Fan Palms are in the Arecaceae (palm) family. There are two subspecies: Licuala ramsayi var. ramsayi and Licuala ramsayi var. tuckeri, which is found further north, including on the Torrres Strait Islands.
The Fan Palm can reach 20m tall. It has a single trunk, which is quite slender (around 20cm in diameter). But the species is most famous for its leaves.
Each plant has 9 to 12 huge, segmented, pleated and almost circular leaves; they resemble a giant pinwheel or fan, hence their common name.
The leaflets are bright green on top and silvery underneath. There are spines along the leaf stem, which grows to 2m long. A fibrous mesh hangs from the leaf sheath, and gives the species its other common name: the Hessian Hair Fan Palm.
The Fan Palm was an important plant for Aboriginal groups of north Queensland, providing thatching and shelter from heavy rains, and for food wrapping and other material uses.
Where are Fan Palms found?
The Fan Palm is endemic to (only found in) Queensland. It occurs in the north east of the state, in the Wet Tropics area: from Cooktown, south to Ingham.
It's typically found within 20km of the coast and from sea level to 1,100m. It forms a key part of the sub-canopy in rainforests, mangroves, littoral forests, vine forests and in riverine habitats.1
It’s associated with several different soil types and thrives in shady, humid spots. It tolerates the cold, though it’s not considered frost hardy. It’s also sensitive to drought and dry air. Nonetheless, the fan palm’s conservation status is considered of Least Concern under Queensland’s Nature Conservation Act 1992.2
Fan Palm forests provide habitat for a suite of rare and threatened flora and fauna, including the Southern Cassowary, the Pied Imperial Pigeon and Bennett’s Tree Kangaroo.
They also support vulnerable plants like the Layered Tassel Fern and the Freycinetia Percostata3 and provide outstanding wetland habitat, as they're often seasonally inundated.
Fan Palm ecology
The Fan Palm generally flowers between November and January, and fruits between January and March.
The long flower clusters form a ‘skirt’ that dangles from the canopy. Once pollinated by insects, the small white flowers develop into orange to red fruits.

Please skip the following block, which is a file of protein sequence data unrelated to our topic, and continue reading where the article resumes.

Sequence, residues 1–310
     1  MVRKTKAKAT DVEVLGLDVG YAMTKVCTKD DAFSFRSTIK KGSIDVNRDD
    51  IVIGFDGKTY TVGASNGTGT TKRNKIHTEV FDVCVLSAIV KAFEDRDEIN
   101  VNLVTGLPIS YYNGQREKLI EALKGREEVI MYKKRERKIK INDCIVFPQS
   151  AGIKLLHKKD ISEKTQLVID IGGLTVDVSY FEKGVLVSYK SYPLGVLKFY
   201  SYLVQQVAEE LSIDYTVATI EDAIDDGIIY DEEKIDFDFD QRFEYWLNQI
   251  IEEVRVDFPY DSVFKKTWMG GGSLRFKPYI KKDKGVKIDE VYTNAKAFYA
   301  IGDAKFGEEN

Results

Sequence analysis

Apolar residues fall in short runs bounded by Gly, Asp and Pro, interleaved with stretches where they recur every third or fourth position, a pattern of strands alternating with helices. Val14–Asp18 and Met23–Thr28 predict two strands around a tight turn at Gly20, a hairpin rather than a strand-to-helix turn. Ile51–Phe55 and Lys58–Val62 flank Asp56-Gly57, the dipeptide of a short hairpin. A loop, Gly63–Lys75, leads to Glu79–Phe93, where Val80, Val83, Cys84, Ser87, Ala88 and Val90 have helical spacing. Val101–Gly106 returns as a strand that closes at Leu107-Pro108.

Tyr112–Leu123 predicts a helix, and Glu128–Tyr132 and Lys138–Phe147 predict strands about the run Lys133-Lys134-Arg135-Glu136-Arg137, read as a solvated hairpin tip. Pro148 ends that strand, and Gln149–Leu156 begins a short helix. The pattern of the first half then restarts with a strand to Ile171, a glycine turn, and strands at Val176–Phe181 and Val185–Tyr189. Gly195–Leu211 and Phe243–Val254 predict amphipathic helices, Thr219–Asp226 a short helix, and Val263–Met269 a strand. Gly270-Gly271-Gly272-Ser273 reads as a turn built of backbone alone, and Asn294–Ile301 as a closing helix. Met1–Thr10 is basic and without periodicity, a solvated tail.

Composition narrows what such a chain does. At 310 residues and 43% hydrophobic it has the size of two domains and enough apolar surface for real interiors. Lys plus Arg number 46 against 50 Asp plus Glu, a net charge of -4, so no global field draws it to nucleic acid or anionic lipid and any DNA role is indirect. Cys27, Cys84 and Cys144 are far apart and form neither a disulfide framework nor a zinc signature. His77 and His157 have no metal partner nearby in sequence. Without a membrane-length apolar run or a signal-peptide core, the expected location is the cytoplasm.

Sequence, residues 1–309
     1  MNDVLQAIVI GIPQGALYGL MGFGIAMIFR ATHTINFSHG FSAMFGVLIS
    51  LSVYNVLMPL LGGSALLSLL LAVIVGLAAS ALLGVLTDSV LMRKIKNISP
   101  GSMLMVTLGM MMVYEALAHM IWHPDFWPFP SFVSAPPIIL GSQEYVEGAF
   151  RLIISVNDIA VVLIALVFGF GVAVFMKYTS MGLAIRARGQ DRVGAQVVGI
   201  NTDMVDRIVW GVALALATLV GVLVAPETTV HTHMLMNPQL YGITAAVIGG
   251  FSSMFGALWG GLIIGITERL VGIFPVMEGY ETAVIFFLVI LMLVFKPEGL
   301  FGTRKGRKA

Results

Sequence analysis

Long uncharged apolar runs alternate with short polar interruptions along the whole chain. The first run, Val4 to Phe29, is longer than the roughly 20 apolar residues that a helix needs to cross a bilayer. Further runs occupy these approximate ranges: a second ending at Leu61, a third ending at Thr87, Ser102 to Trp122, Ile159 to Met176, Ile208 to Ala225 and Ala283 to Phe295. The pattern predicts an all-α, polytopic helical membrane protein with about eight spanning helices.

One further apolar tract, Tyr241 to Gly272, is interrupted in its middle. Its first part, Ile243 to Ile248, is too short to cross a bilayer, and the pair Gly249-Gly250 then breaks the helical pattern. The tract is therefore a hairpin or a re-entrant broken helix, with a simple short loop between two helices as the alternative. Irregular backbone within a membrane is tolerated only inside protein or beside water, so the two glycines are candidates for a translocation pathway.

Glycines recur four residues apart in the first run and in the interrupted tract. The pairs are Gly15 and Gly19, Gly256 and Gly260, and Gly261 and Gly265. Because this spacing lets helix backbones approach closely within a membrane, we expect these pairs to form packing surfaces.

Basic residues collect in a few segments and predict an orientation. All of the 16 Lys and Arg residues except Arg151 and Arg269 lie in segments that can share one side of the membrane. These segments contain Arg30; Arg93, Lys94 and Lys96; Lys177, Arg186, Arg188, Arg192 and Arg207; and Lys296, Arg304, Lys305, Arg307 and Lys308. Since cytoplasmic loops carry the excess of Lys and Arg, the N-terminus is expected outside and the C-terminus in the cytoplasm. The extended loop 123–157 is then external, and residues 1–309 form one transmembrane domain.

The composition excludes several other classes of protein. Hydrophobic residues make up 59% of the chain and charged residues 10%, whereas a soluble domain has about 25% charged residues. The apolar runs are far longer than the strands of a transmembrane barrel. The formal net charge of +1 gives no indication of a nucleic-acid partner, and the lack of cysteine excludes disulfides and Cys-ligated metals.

The fruits drop to the rainforest floor, and this is where the cassowary enters the story. Cassowaries (Casuarius casuarius johnsonii – Southern Cassowary) eat fruits, like that of the Fan Palm, that are too large to be eaten by other species. By dispersing seeds they're essential in the longevity of Fan Palm populations.
The wet season is a time of food scarcity for cassowaries because not many plants fruit at that time. Fan Palms however do fruit throughout the wet season so they're a particularly important food source for cassowaries.
Fan palms have low seedling numbers, typically only 50 to 500 per hectare.4 Even in good conditions it's known to be a slow-growing plant.
Threats to Fan Palms
The biggest threat to remnant Fan Palm forests is large-scale clearing.
Large areas of north Queensland’s coastal rainforest have been cleared, and wetlands drained, to make way for agricultural and housing developments.
This also means that edge effects in fragmented remnants is a serious management challenge. Feral pigs also pose a problem: they plough up the ground underneath fan palms, disturbing the forest floor and affecting seedling recruitment.
Finally, weed invasion threatens to outcompete native plants like the Fan Palm, in particular weed species such as Pond Apple (Annona glabra) and Harungana (Harungana madagascariensis).